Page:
The best way to get a deeper understanding of the Value Proposition Canvas is to see some concrete examples. So here’s an example of how Uber might fill out their canvas.

Uber Customer Profile

Beginning with the Customer Profile, these are some of the jobs that could apply to potential Uber customers.

Functional jobs

  • Contact a taxi service for a ride
  • Wait for it to arrive
  • Inform the driver of the destination
  • Ride to the destination
  • Pay for the ride

Social jobs

  • Being able to travel with friends
  • Give the driver an appropriate tip
  • Use a service with some cool-factor
  • Not appearing too frugal
  • Not appearing too extravagant

Emotional jobs

  • Being able to enjoy the trip
  • Having a way to voice complaints
  • Having a way to praise good drivers

Customer pains

Next, here are some of the pains that could apply to these customers:

  • Lack of rides available
  • Dealing with a bad driver
  • Arriving later than expected
  • Facing any issues with making the payment

Customer gains

And lastly for the Customer Profile, these are the gains that customers might want or expect:

  • Accurate information on when the car will arrive
  • Ease of placing an order or making a cancellation
  • Confidence in getting a good driver

Uber’s Value Map

Now for the Value Map side of the canvas. Starting with the product and services section, Uber could fill in some of the different services and features that it offers including:

Products and services

  • The Uber mobile app
  • The different tiers of its service (UberX, UberXL, Uber Black, etc.)

Pain relievers

Next up, Uber could fill out their pain relievers section with some of these features:

  • Driver ratings to inspire confidence
  • Vehicles available 24/7
  • Providing estimated arrival and travel times
  • Simple automatic payment
  • Standard recommendations for tipping

Gain Creators

Finally, here are some gain creators that address how Uber’s features might attract and excite customers:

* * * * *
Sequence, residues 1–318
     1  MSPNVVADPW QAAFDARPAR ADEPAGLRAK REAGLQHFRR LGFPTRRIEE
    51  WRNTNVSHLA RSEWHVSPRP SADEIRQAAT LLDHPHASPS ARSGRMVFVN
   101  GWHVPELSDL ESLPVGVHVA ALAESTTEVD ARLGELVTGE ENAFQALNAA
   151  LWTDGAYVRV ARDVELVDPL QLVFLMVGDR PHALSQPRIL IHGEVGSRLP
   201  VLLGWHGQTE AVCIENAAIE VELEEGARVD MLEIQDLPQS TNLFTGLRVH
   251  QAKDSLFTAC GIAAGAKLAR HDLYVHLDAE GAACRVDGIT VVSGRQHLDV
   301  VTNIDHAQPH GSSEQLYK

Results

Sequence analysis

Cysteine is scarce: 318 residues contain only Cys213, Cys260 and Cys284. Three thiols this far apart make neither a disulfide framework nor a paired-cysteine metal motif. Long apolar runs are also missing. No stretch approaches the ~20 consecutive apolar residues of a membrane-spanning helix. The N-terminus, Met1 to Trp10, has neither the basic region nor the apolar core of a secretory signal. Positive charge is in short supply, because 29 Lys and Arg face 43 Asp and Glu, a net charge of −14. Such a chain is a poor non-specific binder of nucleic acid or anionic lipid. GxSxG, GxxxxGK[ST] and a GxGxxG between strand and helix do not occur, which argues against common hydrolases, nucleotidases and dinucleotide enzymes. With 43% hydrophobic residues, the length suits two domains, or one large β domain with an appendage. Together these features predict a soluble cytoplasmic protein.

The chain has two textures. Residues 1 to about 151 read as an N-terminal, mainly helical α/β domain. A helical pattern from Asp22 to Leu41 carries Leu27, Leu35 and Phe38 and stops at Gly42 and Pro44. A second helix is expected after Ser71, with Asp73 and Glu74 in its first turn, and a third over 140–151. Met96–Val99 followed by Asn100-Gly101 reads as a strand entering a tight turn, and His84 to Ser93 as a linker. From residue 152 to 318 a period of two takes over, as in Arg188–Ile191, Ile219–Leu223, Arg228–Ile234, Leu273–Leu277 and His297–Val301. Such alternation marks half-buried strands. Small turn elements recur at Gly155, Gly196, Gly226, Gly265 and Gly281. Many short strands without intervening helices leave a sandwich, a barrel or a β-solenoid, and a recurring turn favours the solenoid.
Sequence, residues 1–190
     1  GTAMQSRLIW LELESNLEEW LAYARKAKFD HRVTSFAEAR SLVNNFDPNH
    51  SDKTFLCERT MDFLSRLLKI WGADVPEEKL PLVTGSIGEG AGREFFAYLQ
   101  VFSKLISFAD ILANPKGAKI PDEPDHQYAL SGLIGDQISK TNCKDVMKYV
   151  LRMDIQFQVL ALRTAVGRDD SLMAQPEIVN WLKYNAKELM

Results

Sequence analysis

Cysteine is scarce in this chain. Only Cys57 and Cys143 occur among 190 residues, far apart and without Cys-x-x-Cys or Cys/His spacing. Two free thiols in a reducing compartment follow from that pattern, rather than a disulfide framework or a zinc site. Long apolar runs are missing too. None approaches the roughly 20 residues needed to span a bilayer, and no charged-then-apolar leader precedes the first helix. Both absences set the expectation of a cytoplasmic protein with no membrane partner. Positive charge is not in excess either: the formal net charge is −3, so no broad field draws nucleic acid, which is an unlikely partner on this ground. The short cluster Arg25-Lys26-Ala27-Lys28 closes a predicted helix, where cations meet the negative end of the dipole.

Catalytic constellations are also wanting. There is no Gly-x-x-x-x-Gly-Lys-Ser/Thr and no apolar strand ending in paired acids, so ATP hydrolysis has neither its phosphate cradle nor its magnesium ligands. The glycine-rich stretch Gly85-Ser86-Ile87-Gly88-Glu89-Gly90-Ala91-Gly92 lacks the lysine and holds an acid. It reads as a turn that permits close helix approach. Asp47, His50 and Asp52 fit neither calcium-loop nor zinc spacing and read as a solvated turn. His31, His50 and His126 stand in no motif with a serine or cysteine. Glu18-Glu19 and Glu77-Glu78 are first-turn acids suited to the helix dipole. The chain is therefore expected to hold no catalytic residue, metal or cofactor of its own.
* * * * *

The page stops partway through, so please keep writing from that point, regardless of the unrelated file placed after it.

• Fast response time
  • Ease of using the app
  • Driver rating system
  • The ability to track the ride while it’s en route to pickup

What to avoid

There are some potential drawbacks to the Value Proposition Canvas if you don’t use it properly. But you can avoid most of those common mistakes by following some simple tips. So let’s go over what those drawbacks are and what to do about them.

Including too many customer segments

Since one of the strengths of the Value Proposition Canvas is that it helps you take a closer look at your customer’s needs, it’s a good idea to focus on a particular customer segment. That could mean narrowing it down by age, sex, income, or other demographics.

These different types of customers will each have some of their own unique needs. So you should think about all the different niches you serve and consider doing a separate canvas for each type of customer. Otherwise, your canvas will end up with too broad a focus, and you may lose sight of which jobs, pains, and gains are the most important.

Trying to meet every single need

This point is related to the one above because it is also all about narrowing your focus. 

Even when you have a Customer Profile that’s dedicated to a specific type of customer, you may find your